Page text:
B Rail facilities in metropolitan areas respond to a large extent to transport demand for commuting to schools and to work, and the cost of commuting to work is generally payed for by the company.
    As companies are both the source of demand for transport services and the beneficiary of the service, discounts for commuter passes should be reduced. The money saved should be invested in improving facilities to decrease the congestion for commuters.
  C Consideration of diversification of charges and fares, such as higher costs on late night fares, in order to provide services which respond to user needs.
    Concerning A, the standardization of fares, described above, the "Special Measures Law for the Promotion of the specified Urban Railway Construction" was approved in 1986. This law has introduced a specified urban railway construction capital surplus reserve fund. Companies which are undertaking construction such as quadrupling tracks, to increase their transport volume, can place partial income from fares into a non-taxable capital surplus reserve fund.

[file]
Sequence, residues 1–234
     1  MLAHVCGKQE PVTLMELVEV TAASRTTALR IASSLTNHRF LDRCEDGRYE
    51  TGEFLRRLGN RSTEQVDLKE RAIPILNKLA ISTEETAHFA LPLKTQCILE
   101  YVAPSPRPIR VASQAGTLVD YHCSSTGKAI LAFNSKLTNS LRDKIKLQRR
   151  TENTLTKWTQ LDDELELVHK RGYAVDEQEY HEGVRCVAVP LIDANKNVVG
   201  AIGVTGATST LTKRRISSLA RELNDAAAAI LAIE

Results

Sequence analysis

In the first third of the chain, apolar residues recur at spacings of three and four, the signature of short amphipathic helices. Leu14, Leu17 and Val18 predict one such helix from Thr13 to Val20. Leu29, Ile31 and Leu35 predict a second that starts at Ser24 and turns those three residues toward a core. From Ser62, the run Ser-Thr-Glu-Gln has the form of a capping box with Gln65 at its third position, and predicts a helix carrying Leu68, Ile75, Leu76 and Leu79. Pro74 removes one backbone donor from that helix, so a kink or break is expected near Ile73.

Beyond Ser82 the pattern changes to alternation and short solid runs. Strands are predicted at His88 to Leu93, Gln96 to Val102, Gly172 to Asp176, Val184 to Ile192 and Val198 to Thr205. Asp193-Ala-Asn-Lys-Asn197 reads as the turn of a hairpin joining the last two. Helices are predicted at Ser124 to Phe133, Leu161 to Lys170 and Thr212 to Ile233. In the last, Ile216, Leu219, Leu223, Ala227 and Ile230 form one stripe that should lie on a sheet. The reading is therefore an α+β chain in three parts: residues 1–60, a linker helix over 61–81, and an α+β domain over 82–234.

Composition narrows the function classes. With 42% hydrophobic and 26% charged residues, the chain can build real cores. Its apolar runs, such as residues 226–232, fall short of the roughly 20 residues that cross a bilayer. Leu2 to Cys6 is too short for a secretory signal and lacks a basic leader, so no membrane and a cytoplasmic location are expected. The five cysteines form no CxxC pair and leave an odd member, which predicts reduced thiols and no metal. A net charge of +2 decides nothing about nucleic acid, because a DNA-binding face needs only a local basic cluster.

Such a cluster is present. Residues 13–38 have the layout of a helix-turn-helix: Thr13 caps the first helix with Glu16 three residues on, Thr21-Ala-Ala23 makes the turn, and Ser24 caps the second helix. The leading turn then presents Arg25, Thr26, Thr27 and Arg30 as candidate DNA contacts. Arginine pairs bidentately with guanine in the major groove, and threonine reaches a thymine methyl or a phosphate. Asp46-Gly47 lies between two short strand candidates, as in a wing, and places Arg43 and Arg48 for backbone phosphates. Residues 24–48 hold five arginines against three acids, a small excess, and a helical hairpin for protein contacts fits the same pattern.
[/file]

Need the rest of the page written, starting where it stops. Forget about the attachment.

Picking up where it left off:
At present, the five companies included Tobu Railway are using the fund for construction to raise the transport volume on particularly congested lines. (Table 2)
  (B) Structure of Subsidies
An enormous amount of funds is required for the construction of railway facilities and the period for the return on the investment is long. In most cases, therefore, it would be difficult for work to be carried out with costs borne only by users.
Also, high-speed railways which go to make up the trunk line transport network are a type of social capital, and provide benefit nationwide, over large areas. Not only do they raise the level of user convenience, but they also play a large role in balanced national development. In light of this, it is necessary for the government to give subsidies and to encourage railway companies to invest in this area.